As such, could he have survived? There's an argument that the newsstand vendor seems to try and protect Bernie, putting his body between him and the creature, but when we see them in Watchmen #12, they lie on the street, seemingly dead, with flames on them too.
If Bernie did survive the blast of the materialisation, he may have been still burned by it, explaining the stares of the waitresses. Plus, using him as a new Rorschach may fit in with Doomsday Clock's writer Geoff Johns's plan to explore how Watchmen affected comics. Bernie becomes a new Rorschach because he thinks that is what a hero should be, dark, violent and grim, instead of bright and hopeful hero. It could certainly fit in with the ideas Johns is looking to explore.
However, the creature was also meant to have blasted out an intense psychic attack, just as responsible for deaths as its sudden materialisation and as such, it surely makes Bernie's survival exceedingly unlikely.
So that leaves us with Dr. Malcolm Long.
Long was also caught in the fake attack, and is also someone we see presumably dead at the scene. However, what if he didn't die? What if his work as a psychiatrist and understanding of the mind helped him too, and instead of dying he instead became twisted by the horror of the event.
Towards the end of issue six of Watchmen, after working with Walter Kovacs for some time and witnessing the horrors in his patient's mind, Long's notes, which replace Rorschach's journal as narration for the issue, begin to take on the cadence and stunted sentence structure of Rorschach. What if that has progressed, seeing Dr. Long becoming a new Rorschach, one that is still not quite 'right' as the original but has become deeply affected by his identity?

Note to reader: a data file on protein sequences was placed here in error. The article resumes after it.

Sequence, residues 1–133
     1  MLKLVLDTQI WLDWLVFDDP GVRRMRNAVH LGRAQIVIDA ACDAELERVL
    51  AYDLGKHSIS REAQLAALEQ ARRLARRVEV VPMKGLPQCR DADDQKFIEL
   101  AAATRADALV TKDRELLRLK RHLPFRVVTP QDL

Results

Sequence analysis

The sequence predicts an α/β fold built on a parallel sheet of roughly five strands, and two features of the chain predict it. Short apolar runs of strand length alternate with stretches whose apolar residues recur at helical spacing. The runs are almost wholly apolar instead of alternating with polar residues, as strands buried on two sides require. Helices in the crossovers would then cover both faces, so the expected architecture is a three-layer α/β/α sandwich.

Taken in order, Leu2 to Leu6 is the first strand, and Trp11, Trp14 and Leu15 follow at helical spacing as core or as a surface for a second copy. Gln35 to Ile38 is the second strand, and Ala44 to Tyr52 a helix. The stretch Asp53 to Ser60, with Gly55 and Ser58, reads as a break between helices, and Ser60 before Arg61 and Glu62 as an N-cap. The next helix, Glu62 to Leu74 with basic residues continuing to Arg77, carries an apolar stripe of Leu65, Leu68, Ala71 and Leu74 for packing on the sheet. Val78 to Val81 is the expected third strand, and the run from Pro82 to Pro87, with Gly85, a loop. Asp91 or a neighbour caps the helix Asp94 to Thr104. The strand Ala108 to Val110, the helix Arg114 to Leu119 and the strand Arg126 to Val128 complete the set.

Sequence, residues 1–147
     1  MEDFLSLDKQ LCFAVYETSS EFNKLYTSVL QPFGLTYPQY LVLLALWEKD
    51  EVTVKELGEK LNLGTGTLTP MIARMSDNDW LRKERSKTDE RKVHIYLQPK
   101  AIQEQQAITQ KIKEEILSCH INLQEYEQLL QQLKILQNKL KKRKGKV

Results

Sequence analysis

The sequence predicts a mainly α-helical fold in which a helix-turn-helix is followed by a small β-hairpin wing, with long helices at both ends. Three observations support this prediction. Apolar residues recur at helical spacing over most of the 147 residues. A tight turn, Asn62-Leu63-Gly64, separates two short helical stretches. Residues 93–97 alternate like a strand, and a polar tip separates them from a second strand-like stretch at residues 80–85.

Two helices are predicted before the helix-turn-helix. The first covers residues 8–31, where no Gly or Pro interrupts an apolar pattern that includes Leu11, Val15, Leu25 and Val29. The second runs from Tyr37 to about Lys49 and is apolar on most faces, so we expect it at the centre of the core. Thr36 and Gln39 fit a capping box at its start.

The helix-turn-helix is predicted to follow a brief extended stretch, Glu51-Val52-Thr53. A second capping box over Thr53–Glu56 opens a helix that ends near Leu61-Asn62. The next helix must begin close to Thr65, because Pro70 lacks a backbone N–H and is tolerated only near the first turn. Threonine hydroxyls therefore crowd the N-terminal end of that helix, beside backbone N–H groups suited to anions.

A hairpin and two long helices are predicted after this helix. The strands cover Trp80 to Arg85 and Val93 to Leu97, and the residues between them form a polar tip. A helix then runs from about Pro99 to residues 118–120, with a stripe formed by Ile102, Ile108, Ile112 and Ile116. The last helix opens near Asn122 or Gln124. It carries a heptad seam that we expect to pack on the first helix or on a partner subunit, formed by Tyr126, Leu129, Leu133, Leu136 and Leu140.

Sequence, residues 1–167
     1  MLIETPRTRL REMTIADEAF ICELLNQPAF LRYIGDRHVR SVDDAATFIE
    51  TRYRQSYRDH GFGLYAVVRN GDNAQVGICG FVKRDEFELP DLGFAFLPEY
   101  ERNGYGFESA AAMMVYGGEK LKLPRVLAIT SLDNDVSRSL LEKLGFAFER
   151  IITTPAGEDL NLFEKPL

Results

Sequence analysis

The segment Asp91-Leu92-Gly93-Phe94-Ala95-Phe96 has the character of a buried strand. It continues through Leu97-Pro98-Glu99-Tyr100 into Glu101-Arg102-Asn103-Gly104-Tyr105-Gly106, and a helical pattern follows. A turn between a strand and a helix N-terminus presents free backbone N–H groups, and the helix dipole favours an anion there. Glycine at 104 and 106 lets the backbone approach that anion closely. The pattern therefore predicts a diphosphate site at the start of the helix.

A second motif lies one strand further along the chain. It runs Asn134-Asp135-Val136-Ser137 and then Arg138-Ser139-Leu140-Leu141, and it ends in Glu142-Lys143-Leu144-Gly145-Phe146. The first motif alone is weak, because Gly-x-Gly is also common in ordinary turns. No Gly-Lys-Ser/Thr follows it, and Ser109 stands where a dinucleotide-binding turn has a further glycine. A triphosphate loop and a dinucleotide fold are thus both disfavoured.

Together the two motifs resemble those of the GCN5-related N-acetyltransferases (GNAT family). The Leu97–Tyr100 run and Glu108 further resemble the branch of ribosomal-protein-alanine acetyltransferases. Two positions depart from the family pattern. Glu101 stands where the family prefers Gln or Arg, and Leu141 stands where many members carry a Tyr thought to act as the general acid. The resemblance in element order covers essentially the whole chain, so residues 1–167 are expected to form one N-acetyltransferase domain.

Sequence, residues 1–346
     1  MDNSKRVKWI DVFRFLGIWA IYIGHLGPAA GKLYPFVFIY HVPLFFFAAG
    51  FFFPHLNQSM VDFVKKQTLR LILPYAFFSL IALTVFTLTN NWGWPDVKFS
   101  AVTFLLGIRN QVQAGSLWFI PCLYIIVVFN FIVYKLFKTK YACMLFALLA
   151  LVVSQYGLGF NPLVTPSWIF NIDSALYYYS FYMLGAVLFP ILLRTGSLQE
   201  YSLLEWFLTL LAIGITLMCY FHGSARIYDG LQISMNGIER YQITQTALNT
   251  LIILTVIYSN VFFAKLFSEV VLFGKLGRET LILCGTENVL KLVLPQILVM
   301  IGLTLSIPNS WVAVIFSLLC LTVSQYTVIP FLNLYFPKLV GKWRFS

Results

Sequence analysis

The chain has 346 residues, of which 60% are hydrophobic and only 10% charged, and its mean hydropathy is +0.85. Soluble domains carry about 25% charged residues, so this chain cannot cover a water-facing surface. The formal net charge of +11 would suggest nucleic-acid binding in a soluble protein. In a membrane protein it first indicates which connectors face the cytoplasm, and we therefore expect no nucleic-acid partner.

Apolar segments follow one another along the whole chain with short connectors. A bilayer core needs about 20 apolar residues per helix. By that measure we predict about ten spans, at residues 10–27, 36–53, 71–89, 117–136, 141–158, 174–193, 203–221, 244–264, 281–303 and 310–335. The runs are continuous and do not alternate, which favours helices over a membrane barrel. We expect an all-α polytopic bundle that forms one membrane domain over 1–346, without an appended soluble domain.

Add to this the new Rorschach seems to hold some importance to the concept of family, in a brief moment where the idea causes him pause.
Dr. Long, as noted by CBR in an article positing that the new Rorschach may be the hitherto unseen son of Dr. Long, appears to have at some point been a father. Noting that in a blink and you'd miss it detail of Watchmen #6, Dr. Long has a mug which has 'DAD' written on the side, it seems to suggest that he did at some point have a child. It seems likely he lost his wife, Gloria, in the attack, but perhaps his son, too? His whole family destroyed?
Of course, the questions marks over this lie in how Malcolm Long survived and what would cause people to stare at him now? Some previously unknown effect of the attack? Or perhaps he gained notoriety as a survivor of the attack?
As mentioned, CBR assume it's Long's son, but why would his son chose to dress as Rorschach, let alone begin thinking and talking like him too? Moreover, they use the fact that Long was overweight in Watchmen as a reason, but hey, people can lose a lot of weight in seven years.
Our money is on Dr. Malcolm Long, but hey, it's only been one issue. It could be someone entirely different, or even someone completely new. Who do you think is the new Rorschach?